The Taliban is expected to discuss these terms with US negotiators in Doha, two sources said. If such an agreement is reached, it will revive hopes for a long-term solution to the war in Afghanistan.
Months of drought that have contributed to Australia's catastrophic bushfire season have this week given way to huge downpours in some of the blaze-ravaged areas.
The wide highways and manicured lawns of Naypyidaw, purpose-built by generals under Myanmar's junta, were dotted with red banners bearing Xi's face and greetings in Burmese and Mandarin.
The world’s second-largest economy grew by 6.1 percent, down from 2018’s 6.6 percent, already the lowest since 1990, government data showed Friday.
There was no immediate claim of responsibility for the attack, but the provincial police spokesman said the Taliban was behind it.
Officials warned, however, that short, intense thunderstorms could lead to flash flooding, while lightning brought the risk of new fires being ignited.
UN Security Council members hold rare "closed consultations," called by Beijing, on disputed Kashmir where New Delhi is accused of abuses against its mostly-Muslim population.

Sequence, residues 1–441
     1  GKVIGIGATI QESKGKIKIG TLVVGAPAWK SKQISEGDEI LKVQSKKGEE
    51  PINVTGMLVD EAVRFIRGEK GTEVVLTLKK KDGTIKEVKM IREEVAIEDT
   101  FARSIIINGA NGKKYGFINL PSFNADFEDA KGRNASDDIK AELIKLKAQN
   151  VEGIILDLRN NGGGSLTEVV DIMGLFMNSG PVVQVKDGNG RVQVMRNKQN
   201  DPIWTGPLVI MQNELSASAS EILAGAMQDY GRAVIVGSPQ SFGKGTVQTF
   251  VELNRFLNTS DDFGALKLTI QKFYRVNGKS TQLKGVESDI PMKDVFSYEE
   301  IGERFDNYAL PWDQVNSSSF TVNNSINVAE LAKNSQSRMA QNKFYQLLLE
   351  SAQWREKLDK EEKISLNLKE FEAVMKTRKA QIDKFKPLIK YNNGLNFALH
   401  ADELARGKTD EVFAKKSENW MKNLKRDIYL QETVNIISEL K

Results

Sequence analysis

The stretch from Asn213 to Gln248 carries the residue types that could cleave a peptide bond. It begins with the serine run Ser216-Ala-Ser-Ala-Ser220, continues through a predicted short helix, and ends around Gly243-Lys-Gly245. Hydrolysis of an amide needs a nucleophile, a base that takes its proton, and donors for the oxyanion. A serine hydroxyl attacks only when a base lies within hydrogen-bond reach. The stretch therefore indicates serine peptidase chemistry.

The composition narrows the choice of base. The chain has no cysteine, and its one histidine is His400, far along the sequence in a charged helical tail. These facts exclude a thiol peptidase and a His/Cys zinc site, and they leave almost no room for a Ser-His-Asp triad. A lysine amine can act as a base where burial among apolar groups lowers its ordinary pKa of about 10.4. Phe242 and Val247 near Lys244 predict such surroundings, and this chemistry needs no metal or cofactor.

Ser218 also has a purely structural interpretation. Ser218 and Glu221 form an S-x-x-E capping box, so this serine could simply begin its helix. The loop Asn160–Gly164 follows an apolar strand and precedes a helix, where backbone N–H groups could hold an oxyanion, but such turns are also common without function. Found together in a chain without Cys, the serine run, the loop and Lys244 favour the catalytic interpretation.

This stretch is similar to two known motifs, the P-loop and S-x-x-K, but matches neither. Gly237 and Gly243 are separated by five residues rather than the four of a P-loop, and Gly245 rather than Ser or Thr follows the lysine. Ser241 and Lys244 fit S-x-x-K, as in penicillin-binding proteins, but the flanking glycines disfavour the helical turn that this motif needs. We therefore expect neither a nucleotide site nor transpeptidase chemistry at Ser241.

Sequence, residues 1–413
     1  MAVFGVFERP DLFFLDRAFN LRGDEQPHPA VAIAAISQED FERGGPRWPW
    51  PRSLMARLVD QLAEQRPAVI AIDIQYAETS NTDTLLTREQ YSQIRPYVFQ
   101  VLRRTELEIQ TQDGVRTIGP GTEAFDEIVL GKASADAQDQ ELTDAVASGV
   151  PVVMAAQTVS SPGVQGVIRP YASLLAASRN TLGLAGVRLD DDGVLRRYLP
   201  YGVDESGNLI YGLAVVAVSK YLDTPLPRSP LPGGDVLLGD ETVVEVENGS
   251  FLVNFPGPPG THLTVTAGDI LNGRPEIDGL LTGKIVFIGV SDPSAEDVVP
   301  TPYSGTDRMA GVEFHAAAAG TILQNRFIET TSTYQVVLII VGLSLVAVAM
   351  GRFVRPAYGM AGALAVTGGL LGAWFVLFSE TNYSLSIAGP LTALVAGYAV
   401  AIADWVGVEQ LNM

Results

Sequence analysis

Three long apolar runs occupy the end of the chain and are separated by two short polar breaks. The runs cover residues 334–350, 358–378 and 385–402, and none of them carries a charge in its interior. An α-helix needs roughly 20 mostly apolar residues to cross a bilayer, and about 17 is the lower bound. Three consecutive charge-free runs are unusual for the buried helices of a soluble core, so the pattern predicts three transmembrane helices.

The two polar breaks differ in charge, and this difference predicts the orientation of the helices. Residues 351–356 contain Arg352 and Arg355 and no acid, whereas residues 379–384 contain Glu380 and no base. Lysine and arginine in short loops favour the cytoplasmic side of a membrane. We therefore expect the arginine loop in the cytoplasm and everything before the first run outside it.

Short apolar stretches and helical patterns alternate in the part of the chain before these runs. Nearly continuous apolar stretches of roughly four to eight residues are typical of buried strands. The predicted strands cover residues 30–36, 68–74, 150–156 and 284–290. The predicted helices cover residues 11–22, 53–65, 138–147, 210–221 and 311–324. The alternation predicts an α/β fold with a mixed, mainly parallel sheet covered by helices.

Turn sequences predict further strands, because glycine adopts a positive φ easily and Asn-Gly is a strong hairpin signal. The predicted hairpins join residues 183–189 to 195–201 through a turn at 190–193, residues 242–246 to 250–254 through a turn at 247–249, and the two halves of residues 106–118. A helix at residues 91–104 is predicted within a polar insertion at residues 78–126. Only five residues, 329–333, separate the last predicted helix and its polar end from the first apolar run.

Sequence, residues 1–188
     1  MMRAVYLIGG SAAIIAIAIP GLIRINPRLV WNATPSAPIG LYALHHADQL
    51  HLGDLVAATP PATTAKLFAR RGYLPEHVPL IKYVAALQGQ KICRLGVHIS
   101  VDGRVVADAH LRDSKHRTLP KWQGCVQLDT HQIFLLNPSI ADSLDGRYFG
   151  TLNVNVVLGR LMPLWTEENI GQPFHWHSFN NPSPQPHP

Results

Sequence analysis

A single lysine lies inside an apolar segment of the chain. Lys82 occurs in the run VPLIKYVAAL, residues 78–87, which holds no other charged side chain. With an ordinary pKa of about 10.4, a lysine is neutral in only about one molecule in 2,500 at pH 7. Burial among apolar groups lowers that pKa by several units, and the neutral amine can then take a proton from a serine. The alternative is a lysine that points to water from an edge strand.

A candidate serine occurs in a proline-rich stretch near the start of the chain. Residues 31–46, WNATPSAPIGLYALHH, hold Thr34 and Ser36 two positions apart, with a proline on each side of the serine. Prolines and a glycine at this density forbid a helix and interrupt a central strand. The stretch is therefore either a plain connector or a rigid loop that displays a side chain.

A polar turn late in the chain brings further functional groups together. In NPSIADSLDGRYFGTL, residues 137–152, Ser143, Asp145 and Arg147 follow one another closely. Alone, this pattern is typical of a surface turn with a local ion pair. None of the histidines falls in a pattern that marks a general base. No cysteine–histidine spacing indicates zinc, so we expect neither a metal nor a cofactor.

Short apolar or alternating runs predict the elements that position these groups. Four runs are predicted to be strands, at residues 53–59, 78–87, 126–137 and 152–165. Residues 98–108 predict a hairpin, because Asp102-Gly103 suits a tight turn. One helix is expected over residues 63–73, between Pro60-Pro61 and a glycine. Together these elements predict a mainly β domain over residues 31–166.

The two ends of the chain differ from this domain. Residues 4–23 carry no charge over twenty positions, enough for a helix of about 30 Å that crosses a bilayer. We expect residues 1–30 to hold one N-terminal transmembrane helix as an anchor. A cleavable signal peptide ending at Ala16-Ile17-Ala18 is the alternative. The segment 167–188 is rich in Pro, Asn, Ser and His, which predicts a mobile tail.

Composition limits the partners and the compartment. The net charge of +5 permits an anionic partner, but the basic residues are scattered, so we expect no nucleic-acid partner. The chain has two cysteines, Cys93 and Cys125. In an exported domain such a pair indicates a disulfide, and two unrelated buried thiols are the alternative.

Recently, several US soldiers pleaded guilty to stealing money earmarked for Afghanistan reconstruction, but it’s not the first time Americans have been caught stealing from other countries’ pockets.
Pakistani officials said that 21 more bodies have been recovered in the avalanche-hit disputed region of Kashmir, bringing the total number of deaths to 160 in Pakistan and Afghanistan.
The warning comes after independent UN experts said in August that North Korea generated an estimated $2 billion for its weapons of mass destruction programmes using cyberattacks to steal from banks and cryptocurrency exchanges.
Forecasts of rain expected to bring some respite but risk of landslides and water pollution grows, officials say. Meanwhile, a top climatologist says Australia could become so dry that its residents could become "climate refugees."
Aboriginal leaders in South Australia state said non-native camels, brought over by British settlers in 1840, were driven towards rural communities by drought and extreme heat, threatening scarce food and drinking water while damaging infrastructure.
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